A single-serving site is a one-page, one-purpose website with a dedicated domain name.
The oldest and perhaps simplest single-serving site is purple.com, which is an undifferentiated display of the color purple. Many single-serving sites provide a function for the user. For example, LMGTFY (Let Me Google That For You) creates a demonstration of how to conduct a user-specified Google search. Users can share links to the demos with people who ask them questions they could have just as easily researched themselves. A number of sites answer a single yes-or-no-question, such as “Is it Tuesday?”, “Is it Christmas” and “Is Twitter down today?”
Here are a few other examples of single-serving sites:
- Are You Tired? has a plain white background, the text “Are you tired?” and “Tell us why,” along with an email link so users can do so.
- Am I awesome? provides randomly-generated positive responses to the question.
- What is my IP? displays the user’s IP address.
- Literally Unbelievable documents Facebook comments on stories from The Onion from readers who don’t realize that it’s a satire magazine.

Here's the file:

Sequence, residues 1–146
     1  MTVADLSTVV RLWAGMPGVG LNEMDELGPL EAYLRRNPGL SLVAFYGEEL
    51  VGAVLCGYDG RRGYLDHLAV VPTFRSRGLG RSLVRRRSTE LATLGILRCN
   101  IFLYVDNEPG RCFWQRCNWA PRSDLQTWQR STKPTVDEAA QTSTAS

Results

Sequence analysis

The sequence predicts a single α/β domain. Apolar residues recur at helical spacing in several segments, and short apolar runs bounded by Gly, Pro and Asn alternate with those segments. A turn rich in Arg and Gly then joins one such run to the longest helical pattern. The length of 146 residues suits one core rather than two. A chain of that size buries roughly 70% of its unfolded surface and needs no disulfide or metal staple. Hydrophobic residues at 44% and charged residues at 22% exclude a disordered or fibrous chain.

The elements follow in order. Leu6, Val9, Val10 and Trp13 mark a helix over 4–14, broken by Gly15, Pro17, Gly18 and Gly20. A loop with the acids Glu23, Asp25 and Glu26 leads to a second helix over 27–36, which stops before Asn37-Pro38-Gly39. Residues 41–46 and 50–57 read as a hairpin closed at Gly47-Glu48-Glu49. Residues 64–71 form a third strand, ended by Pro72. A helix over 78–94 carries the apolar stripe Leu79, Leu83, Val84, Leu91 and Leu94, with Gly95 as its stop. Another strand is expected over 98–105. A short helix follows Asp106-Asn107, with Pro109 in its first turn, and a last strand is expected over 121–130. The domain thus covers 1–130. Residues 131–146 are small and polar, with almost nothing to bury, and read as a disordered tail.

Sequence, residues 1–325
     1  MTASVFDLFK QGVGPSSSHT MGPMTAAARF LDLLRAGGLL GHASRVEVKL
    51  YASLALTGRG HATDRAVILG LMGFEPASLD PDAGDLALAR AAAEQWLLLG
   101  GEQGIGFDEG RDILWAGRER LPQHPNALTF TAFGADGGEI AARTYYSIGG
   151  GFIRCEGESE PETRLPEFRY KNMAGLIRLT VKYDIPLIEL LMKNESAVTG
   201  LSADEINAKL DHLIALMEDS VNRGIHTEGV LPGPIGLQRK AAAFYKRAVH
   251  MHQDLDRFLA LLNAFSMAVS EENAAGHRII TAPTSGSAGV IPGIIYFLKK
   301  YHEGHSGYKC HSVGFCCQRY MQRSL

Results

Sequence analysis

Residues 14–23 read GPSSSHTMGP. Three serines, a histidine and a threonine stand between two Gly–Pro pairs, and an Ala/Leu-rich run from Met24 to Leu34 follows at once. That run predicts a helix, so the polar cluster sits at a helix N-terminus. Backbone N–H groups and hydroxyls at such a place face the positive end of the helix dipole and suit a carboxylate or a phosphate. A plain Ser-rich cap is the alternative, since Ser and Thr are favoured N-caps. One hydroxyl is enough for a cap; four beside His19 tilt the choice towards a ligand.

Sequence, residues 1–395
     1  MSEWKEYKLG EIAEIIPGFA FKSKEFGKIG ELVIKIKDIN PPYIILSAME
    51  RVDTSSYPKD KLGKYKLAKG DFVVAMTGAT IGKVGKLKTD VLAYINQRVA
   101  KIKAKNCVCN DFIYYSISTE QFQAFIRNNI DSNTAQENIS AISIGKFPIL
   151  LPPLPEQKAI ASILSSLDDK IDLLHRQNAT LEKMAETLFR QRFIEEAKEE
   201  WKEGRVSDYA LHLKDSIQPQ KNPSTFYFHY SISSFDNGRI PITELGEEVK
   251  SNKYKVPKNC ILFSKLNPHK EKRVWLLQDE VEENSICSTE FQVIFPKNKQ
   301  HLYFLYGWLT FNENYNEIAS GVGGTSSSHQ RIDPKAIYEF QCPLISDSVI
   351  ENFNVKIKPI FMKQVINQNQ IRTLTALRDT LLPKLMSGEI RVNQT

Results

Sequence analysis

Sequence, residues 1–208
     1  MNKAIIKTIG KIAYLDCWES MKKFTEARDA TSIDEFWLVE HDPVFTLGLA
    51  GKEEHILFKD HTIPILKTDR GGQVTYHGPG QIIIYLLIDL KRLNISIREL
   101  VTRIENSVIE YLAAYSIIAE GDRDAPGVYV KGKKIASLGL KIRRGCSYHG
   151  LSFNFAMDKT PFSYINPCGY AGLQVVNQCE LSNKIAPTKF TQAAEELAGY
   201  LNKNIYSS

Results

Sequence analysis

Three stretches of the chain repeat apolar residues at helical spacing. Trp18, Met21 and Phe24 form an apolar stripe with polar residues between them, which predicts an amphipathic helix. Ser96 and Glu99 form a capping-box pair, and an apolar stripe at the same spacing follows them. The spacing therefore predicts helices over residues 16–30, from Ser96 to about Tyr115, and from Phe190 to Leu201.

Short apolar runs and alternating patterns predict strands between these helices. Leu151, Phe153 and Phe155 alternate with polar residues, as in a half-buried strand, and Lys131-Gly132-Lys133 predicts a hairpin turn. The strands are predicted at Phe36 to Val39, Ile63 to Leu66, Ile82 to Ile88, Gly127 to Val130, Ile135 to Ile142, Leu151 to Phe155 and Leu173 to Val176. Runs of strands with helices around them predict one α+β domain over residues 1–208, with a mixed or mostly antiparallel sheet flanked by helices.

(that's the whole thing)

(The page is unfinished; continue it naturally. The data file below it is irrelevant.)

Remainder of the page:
- Definitely informs visitors of the correct spelling of that word and lists all the common misspellings. It is most vehement about the common misspelling of “defiantly,” which originated as a spellcheck or auto-correct error (also known as the Cupertino effect.)
- Misanthropebook is a single-page, non-interactive parody of Facebook.
- The Daily Nice is a picture of something that made the site owner happy each day.
- Several websites claiming to be the last page of the Internet congratulate the user on reaching the end and exhort them to turn off their computers and go outside.
Jason Kottke, owner of one of the longest-running blogs on the Internet, created the term “single-serving site” in 2008 to describe what he saw as an increasing trend.